Millennie Al wrote:
Mon Apr 26, 2021 2:28 am
In Bayesian reasoning you will converge to the truth unless your prior probability is 1 in which case your unshakeable faith will remain. I don't see religions converging on truth: I see then clinging on to silly ideas until external changes become overwhelming. And I don't mean that the religions change due to being convinced that they were wrong by argument or evidence - I mean that other factors, such as losing believers or politics do it.
First, I don't actually think people do Bayesian calculations when assessing what to believe, however it shows that coming to different conclusions when considering the same evidence is perfectly rational. And yes though people would converge, this is a process that takes time and several iterations, even if people are perfect Bayesians. Which is more or less what we've been seeing, people do come round eventually.
We do? How long did it take for the Roman Catholic Church and the Eastern Orthodox Church to converge and unify after the Great Schism nearly 1000 years ago? And as to Christianity in general, after about 2000 years of it, rationally taking evidence into account as you say they do, we much have a single unified church by now which has figured out every doctrinal matter of any great significance. Is that what we see?
Millennie Al wrote:
Mon Apr 26, 2021 2:28 am
Well, firstly people are remarkably consistent in describing Sherlock Holmes or Santa Claus, even though they're fictional. One of the skills that people develop in dealing with others is evaluating whether or not something is true or the other person is mistaken or lying.

But secondly, it's entirely possible that there is some objective reality behind it - just not a supernatural one. If different people are subjected to a similar stimulus (e.g. drugs, sleep deprivation, stress) they may well have similar hallucinations if there is something about the brain which favours them.
Santa Claus has nothing to do with this. I'm talking about people going into a trance or whatever happens and then attribute the experience to something they already believe exists, it makes perfect sense particularly when other people appear to have similar experiences. Now why exactly is a supernatural reality behind it not possible? What feat of logic are we using here?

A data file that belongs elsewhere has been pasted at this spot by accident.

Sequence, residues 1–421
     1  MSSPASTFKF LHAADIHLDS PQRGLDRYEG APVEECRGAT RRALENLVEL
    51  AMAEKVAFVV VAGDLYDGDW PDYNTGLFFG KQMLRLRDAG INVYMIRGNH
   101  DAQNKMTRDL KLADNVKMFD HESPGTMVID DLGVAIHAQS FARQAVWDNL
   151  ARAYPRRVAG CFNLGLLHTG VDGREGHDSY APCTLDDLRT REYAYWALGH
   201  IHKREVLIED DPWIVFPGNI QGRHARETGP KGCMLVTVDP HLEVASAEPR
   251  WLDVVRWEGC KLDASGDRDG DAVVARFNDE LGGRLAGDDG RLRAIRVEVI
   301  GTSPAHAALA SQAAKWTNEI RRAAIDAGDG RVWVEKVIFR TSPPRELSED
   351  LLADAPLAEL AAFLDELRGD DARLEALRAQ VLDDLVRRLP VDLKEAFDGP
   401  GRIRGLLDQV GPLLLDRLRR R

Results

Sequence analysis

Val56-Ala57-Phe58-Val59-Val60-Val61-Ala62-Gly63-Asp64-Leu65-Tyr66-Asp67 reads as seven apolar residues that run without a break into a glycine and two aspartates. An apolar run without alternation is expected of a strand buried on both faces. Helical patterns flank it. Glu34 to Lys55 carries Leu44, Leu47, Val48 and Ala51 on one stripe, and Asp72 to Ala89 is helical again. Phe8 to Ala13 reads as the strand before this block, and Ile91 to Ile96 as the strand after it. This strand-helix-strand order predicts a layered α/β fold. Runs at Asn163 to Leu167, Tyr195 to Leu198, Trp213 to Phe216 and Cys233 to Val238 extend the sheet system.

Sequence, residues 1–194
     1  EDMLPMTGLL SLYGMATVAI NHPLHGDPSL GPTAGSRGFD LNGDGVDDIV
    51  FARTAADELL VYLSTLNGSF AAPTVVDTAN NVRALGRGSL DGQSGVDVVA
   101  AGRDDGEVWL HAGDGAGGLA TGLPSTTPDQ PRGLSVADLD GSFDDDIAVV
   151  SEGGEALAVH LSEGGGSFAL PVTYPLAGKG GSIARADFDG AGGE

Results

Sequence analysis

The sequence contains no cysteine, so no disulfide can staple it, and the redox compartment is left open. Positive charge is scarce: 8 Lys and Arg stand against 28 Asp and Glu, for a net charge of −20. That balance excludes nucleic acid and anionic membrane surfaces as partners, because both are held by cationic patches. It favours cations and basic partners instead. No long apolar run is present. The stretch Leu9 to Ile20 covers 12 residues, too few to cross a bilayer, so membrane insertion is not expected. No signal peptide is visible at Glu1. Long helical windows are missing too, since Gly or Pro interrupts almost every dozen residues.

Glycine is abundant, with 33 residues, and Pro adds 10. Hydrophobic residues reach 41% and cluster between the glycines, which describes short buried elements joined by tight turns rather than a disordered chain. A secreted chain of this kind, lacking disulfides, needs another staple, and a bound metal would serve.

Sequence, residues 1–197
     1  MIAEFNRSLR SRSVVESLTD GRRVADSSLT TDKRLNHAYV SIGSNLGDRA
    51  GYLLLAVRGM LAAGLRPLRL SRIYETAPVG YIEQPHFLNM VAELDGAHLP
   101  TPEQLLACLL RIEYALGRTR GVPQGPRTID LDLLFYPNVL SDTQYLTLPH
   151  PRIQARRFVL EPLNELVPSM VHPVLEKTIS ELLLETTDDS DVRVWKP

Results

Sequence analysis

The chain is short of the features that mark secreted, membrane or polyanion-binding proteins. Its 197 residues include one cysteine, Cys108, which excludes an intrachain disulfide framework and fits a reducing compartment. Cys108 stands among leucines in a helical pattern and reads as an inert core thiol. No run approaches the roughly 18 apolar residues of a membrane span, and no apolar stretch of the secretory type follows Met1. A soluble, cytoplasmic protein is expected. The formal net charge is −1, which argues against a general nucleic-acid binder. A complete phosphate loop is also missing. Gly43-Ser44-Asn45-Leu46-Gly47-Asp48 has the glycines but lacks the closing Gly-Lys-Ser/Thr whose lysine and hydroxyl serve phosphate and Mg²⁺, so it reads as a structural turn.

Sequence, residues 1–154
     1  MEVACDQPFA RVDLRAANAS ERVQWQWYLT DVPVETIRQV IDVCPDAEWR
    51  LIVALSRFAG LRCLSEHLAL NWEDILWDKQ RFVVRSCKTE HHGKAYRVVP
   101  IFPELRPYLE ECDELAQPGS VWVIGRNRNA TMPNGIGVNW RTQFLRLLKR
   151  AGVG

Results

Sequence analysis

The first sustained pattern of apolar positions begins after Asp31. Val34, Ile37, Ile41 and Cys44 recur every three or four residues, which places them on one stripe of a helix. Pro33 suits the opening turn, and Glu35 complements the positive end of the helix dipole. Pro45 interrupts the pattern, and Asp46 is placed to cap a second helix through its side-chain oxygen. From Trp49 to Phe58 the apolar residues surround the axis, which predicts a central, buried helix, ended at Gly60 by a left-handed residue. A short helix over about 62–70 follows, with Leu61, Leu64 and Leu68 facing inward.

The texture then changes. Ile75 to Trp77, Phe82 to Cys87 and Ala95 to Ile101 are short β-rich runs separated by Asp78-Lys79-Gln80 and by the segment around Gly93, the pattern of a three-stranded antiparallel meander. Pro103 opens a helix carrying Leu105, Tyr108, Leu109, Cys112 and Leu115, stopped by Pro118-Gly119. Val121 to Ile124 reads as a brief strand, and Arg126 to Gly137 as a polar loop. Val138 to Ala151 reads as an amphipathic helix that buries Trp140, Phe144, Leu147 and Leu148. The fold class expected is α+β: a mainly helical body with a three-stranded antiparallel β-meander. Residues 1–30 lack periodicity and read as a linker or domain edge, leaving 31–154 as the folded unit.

That depends on what you mean by "perfect sense". It makes sense that people perceive vague, hallucinatory things as consistent with what they believe because they are inventing an explanation. So people see UFOs or angels or whatever, when these things are not really there. It doesn't make sense to concluse that these things must be there merely because some people have agreed a comon fantasy.
Incidentally, if children believe Santa Claus exists because people they trust tell them so, and they see snowy footprints going out of the chimney on Christmas morning, and if they believe that their parents couldn't possibly be so mean as to make the whole thing up, then it would be rational to believe that Santa came. Our children are being deceived, but they're not naturally stupid. They're wrong, but justified in their belief. That's all I'm claiming for religion.
Children are ignorant of both facts and techniques. Once they have facts, such as the size of the Earth, its population, how friction works, how speed and manoeuvrability depends on power, where material things come from; and techniques of assessing evidence, the whole thing collapses. The only point in its favour is that if it's false it must mean there is a vast, global conspiracy to deceive - a hypothesis which also is hugely unlikely (and would be ridiculed in any other context).

But my point was explicitly made that Santa Claus shows that agreeing on a description is not good evidence that something is true.
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Millennie Al
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Re: Mocking religion

Post by Millennie Al » Tue Apr 27, 2021 12:57 am

JellyandJackson wrote:
Mon Apr 26, 2021 2:28 pm